This is hateful and mean, but I doubt you care how a man feels about it.
This is hateful and mean, but I doubt you care how a man feels about it.
Traubster
1511

You found the poem hateful and mean. How so? There is just one statement in the poem containing the word “men.” It is a statement about the men who raised her. We are left to wonder which men can be construed as having raised her. Is it the boys or men who raped her, or is it every man who ever walked the earth? Probably not the latter. In any case, there is no opinion accompanying the statement about men, nor any imperative like “burn in hell.”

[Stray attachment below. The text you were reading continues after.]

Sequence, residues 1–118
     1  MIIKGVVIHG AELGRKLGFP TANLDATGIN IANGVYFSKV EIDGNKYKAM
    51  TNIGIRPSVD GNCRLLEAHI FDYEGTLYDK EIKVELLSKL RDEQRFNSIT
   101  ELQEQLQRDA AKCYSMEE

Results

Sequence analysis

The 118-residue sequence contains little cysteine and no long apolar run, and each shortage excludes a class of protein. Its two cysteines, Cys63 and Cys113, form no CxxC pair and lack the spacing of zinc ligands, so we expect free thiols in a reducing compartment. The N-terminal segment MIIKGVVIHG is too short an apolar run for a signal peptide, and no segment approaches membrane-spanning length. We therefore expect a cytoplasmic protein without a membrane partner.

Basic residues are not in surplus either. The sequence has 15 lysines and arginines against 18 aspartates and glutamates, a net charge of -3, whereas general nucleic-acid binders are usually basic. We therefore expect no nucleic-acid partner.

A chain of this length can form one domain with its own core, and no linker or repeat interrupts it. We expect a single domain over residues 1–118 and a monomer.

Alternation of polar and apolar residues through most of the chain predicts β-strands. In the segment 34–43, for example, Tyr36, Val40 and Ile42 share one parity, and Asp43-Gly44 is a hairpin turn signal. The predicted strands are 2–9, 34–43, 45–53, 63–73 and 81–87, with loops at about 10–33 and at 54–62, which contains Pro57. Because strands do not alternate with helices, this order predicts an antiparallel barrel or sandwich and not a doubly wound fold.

You doubt she cares how a man feels about the poem, failing to supply any reason that she should. The evidence argues for the opposite. Surely the poem, like most poems, was written to evoke emotion, not necessarily pleasant, in its audience. If she didn’t want men to read it she would have called it “Why I’m Changing Manicurists.” Does she care whether men who read the poem feel great or lousy as a consequence? I read the thing: I hope not.

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